The maker of Fortnite and Houseparty, two of the pandemic’s biggest technology smash hits, is closing in on another large injection of funding that will value it at about $28bn (£20.2bn).
Sky News can exclusively reveal that Epic Games, which was founded by Tim Sweeney 30 years ago, is finalising the terms of a $1bn fundraising just seven months after closing a previous round.
Epic Games’ stunning new valuation will underline the extent to which it has emerged as a corporate winner from the global coronavirus crisis.
The company was valued at $17.3bn after a $1.78bn capital-raising announced last July, which included a $250m contribution from the Japanese entertainment giant Sony.
Bank of America Merrill Lynch is advising Epic Games on the latest transaction, banking sources said this weekend.
It was unclear whether any major new investors were backing the $1bn round, which includes a combination of primary and secondary share sales, they added.
Epic Games boasts an all-star share register including names such as BlackRock, Fidelity Management & Research, the private equity group KKR, leading tech investor Lightspeed Ventures and the Ontario Teachers’ Pension Plan.
Baillie Gifford, the UK-based fund manager which has amassed stakes in many of the world’s largest tech companies, became a shareholder last year.
Last summer’s raise also included participation from David Tepper, the billionaire hedge fund manager who owns the Carolina Panthers NFL team.
Headquartered in North Carolina, Epic Games’ biggest global product is Fortnite, the online video game set in a post-apocalyptic zombie-filled world.
It has been wildly successful, with more than 350m accounts worldwide and 2.5bn friend connections made using the platform.
Nevertheless, it has attracted criticism – and lawsuits – over the allegedly addictive nature of the game, highlighting one of the ongoing financial risks faced by Epic Games and its industry peers.
The company also owns Houseparty, the video chat app which has soared in popularity during COVID-19 lockdowns over the last year.
Its other significant revenue streams include Unreal Engine, an advanced 3D platform which helps power other game developers.
Mr Sweeney retains outright control of Epic Games, and is a billionaire many times over as a result of the company’s spectacular growth.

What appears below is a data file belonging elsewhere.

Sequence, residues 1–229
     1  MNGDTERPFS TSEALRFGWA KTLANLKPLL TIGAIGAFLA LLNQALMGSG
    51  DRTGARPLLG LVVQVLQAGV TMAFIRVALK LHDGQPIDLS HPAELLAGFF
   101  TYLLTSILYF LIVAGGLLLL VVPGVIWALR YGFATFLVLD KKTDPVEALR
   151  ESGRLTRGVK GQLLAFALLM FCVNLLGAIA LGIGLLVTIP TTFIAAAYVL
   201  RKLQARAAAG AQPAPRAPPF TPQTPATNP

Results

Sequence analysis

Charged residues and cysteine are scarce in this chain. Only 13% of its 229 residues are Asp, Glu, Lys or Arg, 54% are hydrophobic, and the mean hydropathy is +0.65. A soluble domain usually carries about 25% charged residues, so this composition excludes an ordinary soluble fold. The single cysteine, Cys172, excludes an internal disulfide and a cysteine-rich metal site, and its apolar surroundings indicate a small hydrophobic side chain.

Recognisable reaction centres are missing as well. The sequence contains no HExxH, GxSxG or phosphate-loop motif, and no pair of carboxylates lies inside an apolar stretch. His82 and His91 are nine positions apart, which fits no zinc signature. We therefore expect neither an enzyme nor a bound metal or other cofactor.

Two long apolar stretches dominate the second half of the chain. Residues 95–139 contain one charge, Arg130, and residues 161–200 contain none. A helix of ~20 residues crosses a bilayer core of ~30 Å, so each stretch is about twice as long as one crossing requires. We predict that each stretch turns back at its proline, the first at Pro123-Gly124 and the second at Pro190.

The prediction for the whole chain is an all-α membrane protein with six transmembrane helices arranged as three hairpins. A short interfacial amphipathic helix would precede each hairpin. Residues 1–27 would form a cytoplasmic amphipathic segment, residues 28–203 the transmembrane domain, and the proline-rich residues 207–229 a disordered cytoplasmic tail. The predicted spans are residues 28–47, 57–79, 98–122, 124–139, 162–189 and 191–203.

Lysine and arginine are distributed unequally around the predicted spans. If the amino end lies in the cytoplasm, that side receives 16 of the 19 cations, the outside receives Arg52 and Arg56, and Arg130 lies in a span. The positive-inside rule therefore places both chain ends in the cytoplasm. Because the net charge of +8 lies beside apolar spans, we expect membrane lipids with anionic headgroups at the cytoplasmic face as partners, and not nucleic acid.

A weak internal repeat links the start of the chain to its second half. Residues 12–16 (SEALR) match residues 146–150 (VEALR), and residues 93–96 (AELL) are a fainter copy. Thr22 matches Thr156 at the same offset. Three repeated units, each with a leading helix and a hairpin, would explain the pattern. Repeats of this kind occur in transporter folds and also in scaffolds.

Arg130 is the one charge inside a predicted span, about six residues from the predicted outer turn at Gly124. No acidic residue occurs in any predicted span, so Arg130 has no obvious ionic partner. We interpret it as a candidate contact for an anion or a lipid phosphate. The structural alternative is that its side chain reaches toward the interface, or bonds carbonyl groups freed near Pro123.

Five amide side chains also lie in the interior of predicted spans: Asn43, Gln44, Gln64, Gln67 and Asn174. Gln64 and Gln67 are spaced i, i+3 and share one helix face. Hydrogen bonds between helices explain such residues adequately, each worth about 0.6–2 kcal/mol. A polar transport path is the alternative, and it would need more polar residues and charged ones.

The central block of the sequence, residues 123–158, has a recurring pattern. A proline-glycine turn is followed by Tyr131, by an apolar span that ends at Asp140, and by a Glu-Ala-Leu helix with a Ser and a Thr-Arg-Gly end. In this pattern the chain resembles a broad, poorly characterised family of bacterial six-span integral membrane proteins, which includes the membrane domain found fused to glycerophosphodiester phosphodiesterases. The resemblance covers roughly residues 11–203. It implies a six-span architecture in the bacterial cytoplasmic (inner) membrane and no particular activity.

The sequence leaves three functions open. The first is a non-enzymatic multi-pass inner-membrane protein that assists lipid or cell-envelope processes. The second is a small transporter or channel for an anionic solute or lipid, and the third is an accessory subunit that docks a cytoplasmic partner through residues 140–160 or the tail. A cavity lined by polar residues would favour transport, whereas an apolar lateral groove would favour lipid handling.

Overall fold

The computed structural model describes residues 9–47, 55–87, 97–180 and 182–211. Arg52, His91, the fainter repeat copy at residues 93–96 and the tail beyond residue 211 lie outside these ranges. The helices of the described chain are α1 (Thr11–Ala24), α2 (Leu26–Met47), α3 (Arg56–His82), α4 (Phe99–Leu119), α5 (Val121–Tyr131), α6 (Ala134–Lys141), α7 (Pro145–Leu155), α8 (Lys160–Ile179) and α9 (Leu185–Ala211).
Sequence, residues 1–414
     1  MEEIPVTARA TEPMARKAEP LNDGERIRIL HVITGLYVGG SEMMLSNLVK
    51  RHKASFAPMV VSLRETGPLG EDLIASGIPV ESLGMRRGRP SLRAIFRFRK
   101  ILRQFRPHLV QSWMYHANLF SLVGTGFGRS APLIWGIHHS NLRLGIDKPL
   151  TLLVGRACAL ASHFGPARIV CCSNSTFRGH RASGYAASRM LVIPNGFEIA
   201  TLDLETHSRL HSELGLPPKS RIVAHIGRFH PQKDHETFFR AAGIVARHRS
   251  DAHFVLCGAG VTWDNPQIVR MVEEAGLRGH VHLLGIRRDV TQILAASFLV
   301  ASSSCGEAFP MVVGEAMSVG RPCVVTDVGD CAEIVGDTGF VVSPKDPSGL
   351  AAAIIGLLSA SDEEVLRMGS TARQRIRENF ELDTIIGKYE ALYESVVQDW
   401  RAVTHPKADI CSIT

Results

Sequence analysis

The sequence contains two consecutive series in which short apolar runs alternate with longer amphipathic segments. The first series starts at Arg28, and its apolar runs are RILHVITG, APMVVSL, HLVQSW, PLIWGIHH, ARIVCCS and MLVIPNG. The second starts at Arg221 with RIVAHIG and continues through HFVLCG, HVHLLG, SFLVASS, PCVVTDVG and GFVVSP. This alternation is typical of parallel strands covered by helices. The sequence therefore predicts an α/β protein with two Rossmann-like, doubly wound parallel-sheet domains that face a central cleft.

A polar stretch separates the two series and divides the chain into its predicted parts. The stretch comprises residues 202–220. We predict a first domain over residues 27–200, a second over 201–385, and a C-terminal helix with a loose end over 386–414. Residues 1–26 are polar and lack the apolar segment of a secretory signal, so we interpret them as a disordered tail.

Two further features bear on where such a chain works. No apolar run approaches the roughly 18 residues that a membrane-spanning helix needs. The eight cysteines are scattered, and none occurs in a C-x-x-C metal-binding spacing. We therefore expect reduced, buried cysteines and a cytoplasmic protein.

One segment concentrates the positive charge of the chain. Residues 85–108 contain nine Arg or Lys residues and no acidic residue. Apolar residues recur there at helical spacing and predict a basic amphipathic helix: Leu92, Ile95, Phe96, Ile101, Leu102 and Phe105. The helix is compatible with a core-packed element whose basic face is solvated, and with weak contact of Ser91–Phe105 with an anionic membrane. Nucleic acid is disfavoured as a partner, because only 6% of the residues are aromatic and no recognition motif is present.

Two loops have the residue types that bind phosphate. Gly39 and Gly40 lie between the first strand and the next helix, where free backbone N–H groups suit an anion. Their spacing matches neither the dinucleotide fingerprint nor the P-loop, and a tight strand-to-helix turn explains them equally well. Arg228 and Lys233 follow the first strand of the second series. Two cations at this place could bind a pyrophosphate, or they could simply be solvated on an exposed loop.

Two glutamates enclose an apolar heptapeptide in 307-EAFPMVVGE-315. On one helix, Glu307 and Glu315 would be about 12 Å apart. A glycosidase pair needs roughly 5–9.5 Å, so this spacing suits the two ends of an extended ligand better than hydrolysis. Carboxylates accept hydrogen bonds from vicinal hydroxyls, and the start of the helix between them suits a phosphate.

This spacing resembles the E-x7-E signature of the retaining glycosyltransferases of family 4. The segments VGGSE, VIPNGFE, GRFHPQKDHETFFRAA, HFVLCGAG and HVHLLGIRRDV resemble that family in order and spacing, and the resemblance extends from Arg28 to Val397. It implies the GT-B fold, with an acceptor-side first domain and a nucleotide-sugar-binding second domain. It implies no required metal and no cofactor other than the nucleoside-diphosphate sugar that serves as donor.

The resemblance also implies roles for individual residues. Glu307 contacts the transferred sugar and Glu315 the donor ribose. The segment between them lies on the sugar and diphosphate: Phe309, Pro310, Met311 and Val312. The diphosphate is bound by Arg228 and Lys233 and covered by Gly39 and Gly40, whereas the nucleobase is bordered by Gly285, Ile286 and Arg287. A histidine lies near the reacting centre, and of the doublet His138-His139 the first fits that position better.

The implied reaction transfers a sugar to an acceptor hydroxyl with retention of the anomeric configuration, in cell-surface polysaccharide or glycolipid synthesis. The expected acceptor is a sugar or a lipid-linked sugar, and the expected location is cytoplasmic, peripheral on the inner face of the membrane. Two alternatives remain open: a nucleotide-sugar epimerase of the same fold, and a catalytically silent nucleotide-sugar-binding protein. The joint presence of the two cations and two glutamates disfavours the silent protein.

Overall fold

“Having the support of leaders in the financial community accelerates Epic’s efforts to build a new kind of digital ecosystem using real-time 3D technology, services that connect hundreds of millions of people, and a digital storefront that offers a fair business model,” Mr Sweeney said last July.
Mr Sweeney has also led a backlash from app developers against the might of Apple and Google.
In February, it filed a European anti-trust complaint against Apple, arguing that “the very future of mobile platforms” was at stake.
“Consumers have the right to install apps from sources of their choosing and developers have the right to compete in a fair marketplace,” Mr Sweeney said.
“We will not stand idly by and allow Apple to use its platform dominance to control what should be a level digital playing field.
“It’s bad for consumers, who are paying inflated prices due to the complete lack of competition among stores and in-app payment processing.
“And it’s bad for developers, whose very livelihoods often hinge on Apple’s complete discretion as to who to allow on the iOS platform, and on which terms.”
The latest $1bn fundraising will inevitably spark questions about Epic Games’ longevity as a privately held company.
The new round is not being explicitly positioned as a pre-IPO raise, but bankers said they anticipated that a flotation or combination with a Special Purpose Acquisition Company (SPAC) could not be ruled out in the medium term.
Video games-makers have been involved in a flurry of big corporate deals in recent months, including the takeover of Britain’s Codemasters by Electronic Arts, which has a market capitalisation in New York of almost $37bn.
A spokeswoman for Epic Games declined to comment this weekend.